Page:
#RandReport: Rand slips ahead of GDP data as global tensions weigh

At 1606 GMT the rand was 0.06% weaker at 12.9625 per dollar.

Picture: EWN.

JOHANNESBURG - The rand weakened slightly against the dollar on Monday ahead of second-quarter GDP numbers and as safe-haven assets gained after a nuclear test by North Korea; but stocks were weaker.

At 1606 GMT the rand was 0.06% weaker at 12.9625 per dollar.

Statistics South Africa releases GDP figures on Tuesday and economists expects growth of 2.2% in the second quarter after a 0.7% contraction in the first quarter, but international factors weighed on the currency.

North Korea’s sixth and largest nuclear test, and reports from South Korea that Pyongyang was preparing for another missile launch, sparked warnings from Washington and a rush to safety by investors.

“Gold, Treasuries, Swiss Franc and the Yen have all outperformed, as investors try to assess the potential impact of North Korea’s nuclear test,” FXTM’s chief market Strategist at Hussein Sayed.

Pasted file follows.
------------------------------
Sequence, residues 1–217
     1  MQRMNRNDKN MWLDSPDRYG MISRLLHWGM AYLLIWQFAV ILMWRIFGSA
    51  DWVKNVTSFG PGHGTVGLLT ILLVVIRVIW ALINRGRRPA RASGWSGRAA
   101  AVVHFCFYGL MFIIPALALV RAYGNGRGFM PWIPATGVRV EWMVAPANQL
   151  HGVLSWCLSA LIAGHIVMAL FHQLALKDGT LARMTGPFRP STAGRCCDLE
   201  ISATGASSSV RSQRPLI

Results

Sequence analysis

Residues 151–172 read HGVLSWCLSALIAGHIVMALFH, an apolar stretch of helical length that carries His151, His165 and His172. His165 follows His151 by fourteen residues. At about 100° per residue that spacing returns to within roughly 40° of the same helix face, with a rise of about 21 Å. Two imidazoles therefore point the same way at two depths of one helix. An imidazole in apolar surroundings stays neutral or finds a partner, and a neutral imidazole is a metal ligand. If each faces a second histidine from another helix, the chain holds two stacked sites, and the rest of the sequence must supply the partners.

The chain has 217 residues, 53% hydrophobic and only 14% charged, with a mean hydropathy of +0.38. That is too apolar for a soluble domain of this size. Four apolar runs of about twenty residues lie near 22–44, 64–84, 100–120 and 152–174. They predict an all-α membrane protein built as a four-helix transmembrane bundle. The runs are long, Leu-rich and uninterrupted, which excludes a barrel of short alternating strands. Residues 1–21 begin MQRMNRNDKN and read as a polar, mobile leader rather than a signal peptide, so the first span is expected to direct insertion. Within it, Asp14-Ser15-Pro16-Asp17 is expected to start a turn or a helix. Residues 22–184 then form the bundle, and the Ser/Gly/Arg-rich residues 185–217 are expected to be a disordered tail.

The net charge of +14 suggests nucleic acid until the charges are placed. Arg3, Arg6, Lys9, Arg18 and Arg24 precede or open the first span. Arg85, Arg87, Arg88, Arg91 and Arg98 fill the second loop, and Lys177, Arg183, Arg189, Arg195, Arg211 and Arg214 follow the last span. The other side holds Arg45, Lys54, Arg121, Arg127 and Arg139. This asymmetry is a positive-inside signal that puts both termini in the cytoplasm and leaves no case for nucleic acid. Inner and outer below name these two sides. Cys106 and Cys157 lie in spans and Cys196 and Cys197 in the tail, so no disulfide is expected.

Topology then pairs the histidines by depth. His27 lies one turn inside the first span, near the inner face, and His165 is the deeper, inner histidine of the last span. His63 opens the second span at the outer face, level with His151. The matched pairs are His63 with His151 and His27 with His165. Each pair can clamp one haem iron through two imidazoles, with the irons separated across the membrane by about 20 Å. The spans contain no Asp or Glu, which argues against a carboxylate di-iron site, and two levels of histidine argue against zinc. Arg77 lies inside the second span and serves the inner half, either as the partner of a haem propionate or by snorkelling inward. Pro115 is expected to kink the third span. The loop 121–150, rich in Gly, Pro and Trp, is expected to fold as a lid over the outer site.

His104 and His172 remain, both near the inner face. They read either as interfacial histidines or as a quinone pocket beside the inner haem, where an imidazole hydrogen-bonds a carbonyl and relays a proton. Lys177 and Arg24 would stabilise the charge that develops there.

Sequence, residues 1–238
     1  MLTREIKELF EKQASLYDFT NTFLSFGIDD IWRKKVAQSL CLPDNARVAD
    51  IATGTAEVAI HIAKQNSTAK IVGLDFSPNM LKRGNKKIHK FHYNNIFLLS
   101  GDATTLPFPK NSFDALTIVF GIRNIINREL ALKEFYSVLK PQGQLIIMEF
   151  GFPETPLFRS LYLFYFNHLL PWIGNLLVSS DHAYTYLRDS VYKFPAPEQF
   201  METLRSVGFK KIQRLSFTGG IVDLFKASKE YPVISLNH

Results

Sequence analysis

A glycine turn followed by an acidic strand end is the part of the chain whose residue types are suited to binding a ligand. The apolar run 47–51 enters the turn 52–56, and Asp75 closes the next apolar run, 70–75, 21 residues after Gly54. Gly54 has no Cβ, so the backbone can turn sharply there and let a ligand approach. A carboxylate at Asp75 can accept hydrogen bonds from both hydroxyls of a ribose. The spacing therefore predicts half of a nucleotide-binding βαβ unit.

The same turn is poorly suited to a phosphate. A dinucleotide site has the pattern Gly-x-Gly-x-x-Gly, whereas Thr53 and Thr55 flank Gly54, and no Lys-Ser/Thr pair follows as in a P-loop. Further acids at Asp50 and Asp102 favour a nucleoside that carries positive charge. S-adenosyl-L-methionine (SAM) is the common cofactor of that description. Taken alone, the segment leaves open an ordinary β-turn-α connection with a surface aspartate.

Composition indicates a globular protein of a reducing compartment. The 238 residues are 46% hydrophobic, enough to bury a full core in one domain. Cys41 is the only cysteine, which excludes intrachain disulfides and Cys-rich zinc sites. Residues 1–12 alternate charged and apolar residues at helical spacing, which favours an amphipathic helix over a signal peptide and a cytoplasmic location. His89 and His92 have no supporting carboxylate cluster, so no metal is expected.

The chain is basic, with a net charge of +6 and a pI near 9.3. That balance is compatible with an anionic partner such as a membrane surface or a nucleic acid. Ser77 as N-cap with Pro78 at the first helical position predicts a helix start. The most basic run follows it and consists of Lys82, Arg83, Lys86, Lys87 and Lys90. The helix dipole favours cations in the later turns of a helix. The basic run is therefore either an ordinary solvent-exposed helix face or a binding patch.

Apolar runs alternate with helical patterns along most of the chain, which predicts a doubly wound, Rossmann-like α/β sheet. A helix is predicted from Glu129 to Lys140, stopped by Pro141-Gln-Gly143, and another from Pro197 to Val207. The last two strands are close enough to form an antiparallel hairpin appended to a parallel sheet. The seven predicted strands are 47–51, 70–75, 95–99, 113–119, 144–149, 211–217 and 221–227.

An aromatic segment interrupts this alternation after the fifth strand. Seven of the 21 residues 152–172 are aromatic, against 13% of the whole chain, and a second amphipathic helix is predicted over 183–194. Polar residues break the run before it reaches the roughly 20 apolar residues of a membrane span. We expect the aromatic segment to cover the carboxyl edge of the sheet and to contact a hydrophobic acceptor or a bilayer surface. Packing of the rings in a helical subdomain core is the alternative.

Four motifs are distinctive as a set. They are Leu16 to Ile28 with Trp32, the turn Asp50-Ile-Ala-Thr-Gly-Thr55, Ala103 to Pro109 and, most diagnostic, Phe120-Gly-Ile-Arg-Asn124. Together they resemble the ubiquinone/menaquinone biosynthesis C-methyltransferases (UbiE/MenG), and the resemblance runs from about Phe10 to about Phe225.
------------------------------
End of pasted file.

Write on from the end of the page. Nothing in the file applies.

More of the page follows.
Bullion traded at close to above $1,334.26 an ounce at 1602 GMT, having touched its strongest level since late September at $1,339.47.

The statistics agency will release July mining and manufacturing data on Thursday. Also due this week are the August Standard Bank Purchasing Managers’ Index and the South African Chamber of Commerce and Industry’s
(SACCI) business confidence index.

In fixed income, the yield on the benchmark government bond due in 2026 was up 1 basis point to 8.515%.

On the bourse, the benchmark Top-40 index was down 0.4% at 49,796.71 points, while the broader All-share index shed 0.4% to 56,312.85.

Bullion producers gained on the firmer gold price, with the Gold Mining index up 4.6%.

Cement maker PPC also rallied after announcing Canada’s Fairfax Africa Holdings has offered to buy a 22% stake in it for R2 billion ($154 million).

The cash injection is aimed at strong-arming the debt-laden company into a tie-up with its nearest unlisted rival AfriSam and sent the PPC shares up 8.8% to R554.04.

Ecommerce giant Naspers, which owns a third of China’s Tencent Holdings, weighed on the bourse, retreating from a recent high.

Naspers, which is up 44% so far this year and is Africa’s largest company, closed 1.2% weaker at R2,895.38.